The next step consists of on-site observations done using methods borrowed from the Gehl Institute and taking place at three central city sites in Hanoi. These take in not just the quantitative aspect but also examine the qualitative aspects of local principles of urban vitality in the city centre. These observations and findings are then interpreted and applied in the design of the new town, a working method seldom adhered to when designing masterplans for new towns in Asia.
The design operates at four scales: street, superblock, masterplan and region. The idea is to learn from the local context. To this end, the vitality principles as observed in the centres of Hanoi have been interpreted and subsequently implemented at each scale.
The final step is to evaluate the measures relating to urban vitality and the masterplanning process. One way is to evaluate the design using four personas, each with their own occupation, living standards and demands, that question the status quo of Hanoi new towns. In current design practice no one wonders who is going to use the space and in what way. Another way is to evaluate the design using the four urban design processes: design, development, management and the use of space. The deeper intention of these evaluations is to make explicit the design decisions that need taking at each scale and document their consequences for urban vitality. This brings to light aspects that can be used to develop and manage new towns.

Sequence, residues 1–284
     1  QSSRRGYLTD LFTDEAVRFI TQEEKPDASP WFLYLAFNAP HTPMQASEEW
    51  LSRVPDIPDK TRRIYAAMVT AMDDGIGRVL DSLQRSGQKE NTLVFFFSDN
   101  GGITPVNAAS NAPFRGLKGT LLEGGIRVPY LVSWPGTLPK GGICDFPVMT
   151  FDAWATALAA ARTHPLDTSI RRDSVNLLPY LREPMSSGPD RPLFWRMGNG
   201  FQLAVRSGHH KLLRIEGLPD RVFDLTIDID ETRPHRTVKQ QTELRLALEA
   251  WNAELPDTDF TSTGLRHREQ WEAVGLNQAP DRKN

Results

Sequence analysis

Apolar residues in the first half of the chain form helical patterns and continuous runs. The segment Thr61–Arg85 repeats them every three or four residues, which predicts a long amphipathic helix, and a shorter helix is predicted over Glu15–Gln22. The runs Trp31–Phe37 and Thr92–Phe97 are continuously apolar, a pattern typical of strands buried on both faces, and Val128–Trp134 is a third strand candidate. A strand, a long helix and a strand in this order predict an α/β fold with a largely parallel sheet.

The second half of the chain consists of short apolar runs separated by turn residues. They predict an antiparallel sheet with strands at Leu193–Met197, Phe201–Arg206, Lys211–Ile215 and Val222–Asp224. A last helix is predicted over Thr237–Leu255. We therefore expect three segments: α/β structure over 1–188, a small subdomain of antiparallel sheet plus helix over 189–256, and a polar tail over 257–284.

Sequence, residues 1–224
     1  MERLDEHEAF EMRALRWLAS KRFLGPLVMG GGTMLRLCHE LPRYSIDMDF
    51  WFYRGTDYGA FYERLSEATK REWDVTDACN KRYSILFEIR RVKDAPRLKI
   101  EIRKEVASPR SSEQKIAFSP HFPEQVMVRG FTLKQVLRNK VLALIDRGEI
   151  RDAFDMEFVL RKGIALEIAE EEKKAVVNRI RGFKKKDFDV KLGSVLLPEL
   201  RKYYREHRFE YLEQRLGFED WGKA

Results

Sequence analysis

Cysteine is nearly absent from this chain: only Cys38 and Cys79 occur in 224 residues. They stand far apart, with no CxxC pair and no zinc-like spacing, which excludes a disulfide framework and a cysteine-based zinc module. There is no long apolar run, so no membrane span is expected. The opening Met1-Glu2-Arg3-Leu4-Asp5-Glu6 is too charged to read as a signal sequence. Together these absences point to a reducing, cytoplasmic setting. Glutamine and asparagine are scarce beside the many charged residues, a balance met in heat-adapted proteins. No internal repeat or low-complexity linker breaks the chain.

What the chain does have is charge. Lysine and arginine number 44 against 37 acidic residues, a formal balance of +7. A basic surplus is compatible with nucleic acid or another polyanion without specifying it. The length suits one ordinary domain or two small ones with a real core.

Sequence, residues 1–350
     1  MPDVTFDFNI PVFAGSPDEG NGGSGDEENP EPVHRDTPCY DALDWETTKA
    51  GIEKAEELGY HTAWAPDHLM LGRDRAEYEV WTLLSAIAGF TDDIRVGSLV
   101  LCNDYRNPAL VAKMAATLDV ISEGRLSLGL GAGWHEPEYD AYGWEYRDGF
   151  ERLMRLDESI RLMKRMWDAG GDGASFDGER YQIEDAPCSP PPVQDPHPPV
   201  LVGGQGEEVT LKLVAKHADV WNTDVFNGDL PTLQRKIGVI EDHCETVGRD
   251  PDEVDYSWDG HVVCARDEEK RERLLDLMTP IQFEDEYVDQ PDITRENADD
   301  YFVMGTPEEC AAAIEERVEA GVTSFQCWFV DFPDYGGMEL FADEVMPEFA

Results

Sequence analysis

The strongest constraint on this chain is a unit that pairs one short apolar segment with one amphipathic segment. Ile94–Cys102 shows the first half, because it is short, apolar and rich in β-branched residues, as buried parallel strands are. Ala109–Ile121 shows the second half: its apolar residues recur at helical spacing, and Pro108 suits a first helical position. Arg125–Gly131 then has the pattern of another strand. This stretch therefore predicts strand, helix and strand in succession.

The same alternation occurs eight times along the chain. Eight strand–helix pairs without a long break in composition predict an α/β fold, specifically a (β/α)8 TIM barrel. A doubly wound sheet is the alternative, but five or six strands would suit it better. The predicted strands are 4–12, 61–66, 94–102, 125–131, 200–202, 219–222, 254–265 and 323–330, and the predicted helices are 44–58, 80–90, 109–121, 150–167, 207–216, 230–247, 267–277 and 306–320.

Reza Ambardi Pradana
Technische Universiteit Delft / Faculteit Bouwkunde
What are you doing now?
After all the ideal graduation project processes, I have the very rare chance to actually “implement” my graduation project in real life as I am currently working in CPG Consultants, Singapore and involved in the project with the same context, scope, and stakeholders. Reflecting on my graduation project, there are several “slap in the face” that I feel relevant to my graduation project as a whole and of course to my urbanism practice. One of the significant differences in the design process during the completion of my graduation project and in real practice is the pace. What I did in six months for my graduation project, I had to do it in two weeks for the actual project. Hence it is essential in keeping to the impactful and practical design. Here, the tools that I learnt during my graduation project (i.e., Modelur and Space Syntax simulation) helped to make my design process more efficient.
What do you hope/want to achieve as a designer in the near and/or distant future?
I’m pretty sure that the topic of masterplanning and people-oriented design would be my objective to master in my professional journey. I realised that the often-overlooked challenge that future cities will face is not on the existing settlements but rather the new settlements – the clean slate urban developments. Here, where the vast majority of people are living and will be living in the future, is the very place that I believe needs the idea of ‘cities for people’ to be implanted. Moreover, my ultimate goal is to dedicate my expertise in creating better Indonesian cities. Currently, I am involved in a project in Indonesia that enable me to start achieving my goal.